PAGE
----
When the U.S. Nuclear Regulatory Commission (NRC) first published regulations to combine the construction license and operating license of nuclear new-build plants into a single permit, the process of preparing a submittal represented a moving target, to say the least.
For utilities, the COLA process (combined construction and operating license application) blended two separate regulatory thresholds — construction and operation — into one. The combination improves predictability. This way, utilities can avoid the costly problem of being in the midst of construction should the NRC determine a problem when evaluating the operating application, a common occurrence in the previous application method.
Black & Veatch assisted Detroit Edison (DTE) with its COLA for the utility’s proposed new advanced-design nuclear unit, Fermi 3 at the existing Fermi 2 nuclear site in Michigan. It was a two-year process.
Black & Veatch’s COLA submission on behalf of DTE consisted of more than 10,000 pages of documents. Black & Veatch stayed in constant contact with the NRC during this time. The main reason for this close working relationship was that the COLA environment was only partially defined at its start. As Black & Veatch was compiling massive amounts of site-specific data, the NRC was refining its own processes to accept applications.
“It was clear that the Black & Veatch team had to be highly adaptive if we were going to start a project, execute it for a year, receive new criteria on how success was going to be measured and still meet our performance metrics with DTE at the end of the two-year execution,” said Rob Crandall, Black & Veatch Project Manager – Nuclear Services.
In the months leading to the COLA submission, Black & Veatch worked closely with experts on electronic information deliveries, software experts – including the software author – the client and, of course, the NRC.
There are 11 parts to a COLA submittal, and an element of Black & Veatch’s role was to put together all parts into a cohesive application. The scope of the work included a detailed Environmental Report (ER) that assessed the environmental impacts from plant construction and operation; the Final Safety Analysis Report (FSAR) that addressed the site and plant development for site-specific systems and analyses; and the Emergency Plan.
Black & Veatch and its subcontractors provided site development, hydrological, geotechnical and seismic investigations and analyses associated with the proposed technology design for input into the FSAR and ER. Field reconnaissance, wildlife and aquatic surveys, cultural resource evaluations and land use planning were also undertaken for ER input.
The FSAR and ER also included historical meteorological data for the region, considering severe weather patterns, average precipitation patterns, average temperatures and an assessment of how the weather patterns would affect the facilities.
The Emergency Plan covered the onsite and offsite response to assess a potential radiological incident/accident for the protection of plant employees, the general public and surrounding environment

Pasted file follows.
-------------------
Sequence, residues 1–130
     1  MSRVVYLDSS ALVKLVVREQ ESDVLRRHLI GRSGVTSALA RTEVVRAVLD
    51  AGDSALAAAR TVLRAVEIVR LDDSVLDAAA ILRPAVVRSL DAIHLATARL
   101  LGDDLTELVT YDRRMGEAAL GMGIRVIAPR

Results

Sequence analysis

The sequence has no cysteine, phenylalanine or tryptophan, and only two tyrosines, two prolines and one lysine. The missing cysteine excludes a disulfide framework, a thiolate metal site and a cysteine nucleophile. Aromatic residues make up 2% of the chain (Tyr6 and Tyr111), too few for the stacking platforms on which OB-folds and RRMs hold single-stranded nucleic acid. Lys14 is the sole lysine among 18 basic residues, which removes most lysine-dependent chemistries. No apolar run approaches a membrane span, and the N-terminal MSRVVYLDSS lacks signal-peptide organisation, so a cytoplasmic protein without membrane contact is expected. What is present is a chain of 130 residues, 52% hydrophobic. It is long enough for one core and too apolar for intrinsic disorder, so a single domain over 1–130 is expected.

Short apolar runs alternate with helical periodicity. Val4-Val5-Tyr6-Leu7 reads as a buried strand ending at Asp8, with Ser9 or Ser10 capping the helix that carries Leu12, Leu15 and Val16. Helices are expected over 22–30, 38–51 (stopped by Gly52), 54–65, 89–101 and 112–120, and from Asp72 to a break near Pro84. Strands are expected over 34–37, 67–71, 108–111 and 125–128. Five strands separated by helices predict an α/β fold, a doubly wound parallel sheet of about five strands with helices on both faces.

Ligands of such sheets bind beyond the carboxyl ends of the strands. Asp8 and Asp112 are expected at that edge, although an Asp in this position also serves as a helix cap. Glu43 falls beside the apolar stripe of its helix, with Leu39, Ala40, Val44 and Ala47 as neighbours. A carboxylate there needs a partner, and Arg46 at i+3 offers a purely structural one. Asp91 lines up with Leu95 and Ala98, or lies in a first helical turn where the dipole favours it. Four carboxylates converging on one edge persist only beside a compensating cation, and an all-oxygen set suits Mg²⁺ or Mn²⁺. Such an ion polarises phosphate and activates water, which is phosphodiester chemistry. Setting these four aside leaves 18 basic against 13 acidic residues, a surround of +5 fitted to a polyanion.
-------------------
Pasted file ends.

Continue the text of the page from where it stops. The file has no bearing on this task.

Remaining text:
It's All About Relationships
When Crandall reflects on the project, one of his key takeaways is strikingly non-technical.
“One thing that I learned was that for all of the engineering, all of the environmental work, all of the evaluation of it, and all of the regulation of it – it all comes down to people and relationships,” Crandall said. “It demonstrated to me that the real value of project execution was the way that Black & Veatch organized the contribution of a variety of participants inside the company and outside, to a successful conclusion years from when we started.”
The NRC has granted DTE its COLA, but with that comes a laundry list of checks and balances that the NRC will need to see closed out before the plant construction begins, Crandall said. The NRC continues to monitor these follow-on actions so as to permit the safe operation of the plant upon its completion.
“Detroit Edison is still proceeding, and we remain involved with various ancillary studies, the addressing of NRC questions and its requests for supporting documents,” Crandall noted. “The review process goes on for a few years, and Black & Veatch continues to support those responses.”
COLA Submittal Passes NRC Scrutiny on First Attempt
The U.S. Nuclear Regulatory Commission has an ambitious electronic submittal process for the combined construction and operating license application (COLA) – one so rigorous that the smallest of missed details can kick the whole proposal back. Black & Veatch became the first company to have its COLA, submitted on behalf of Detroit Edison, pass the electronic system’s scrutiny on the first attempt.
The NRC’s meticulous COLA standards not only governed what information is included in the application, but how it is included. For example, figures and tables in the document must appear at a resolution that would electronically reproduce to the level required by the NRC submittal requirements. Thus, when the NRC scanned the massive document for figure resolution, if any one figure did not meet the dots-per-inch threshold by the NRC library requirements, evaluation of the submittal for the docket would be delayed. Client expectations were tied to timely docketing of the submittal.
“We had numerous discussions with the NRC – not merely at the supervisory level, but at the technician level with those who were responsible for accepting the submittals,” said Rob Crandall, Black & Veatch Project Manager – Nuclear Services. “We vetted the process before we submitted the COLA rather than let the process vet our document as it was submitted.”
Subject Matter Expert
Rob Crandall: CrandallRA@bv.com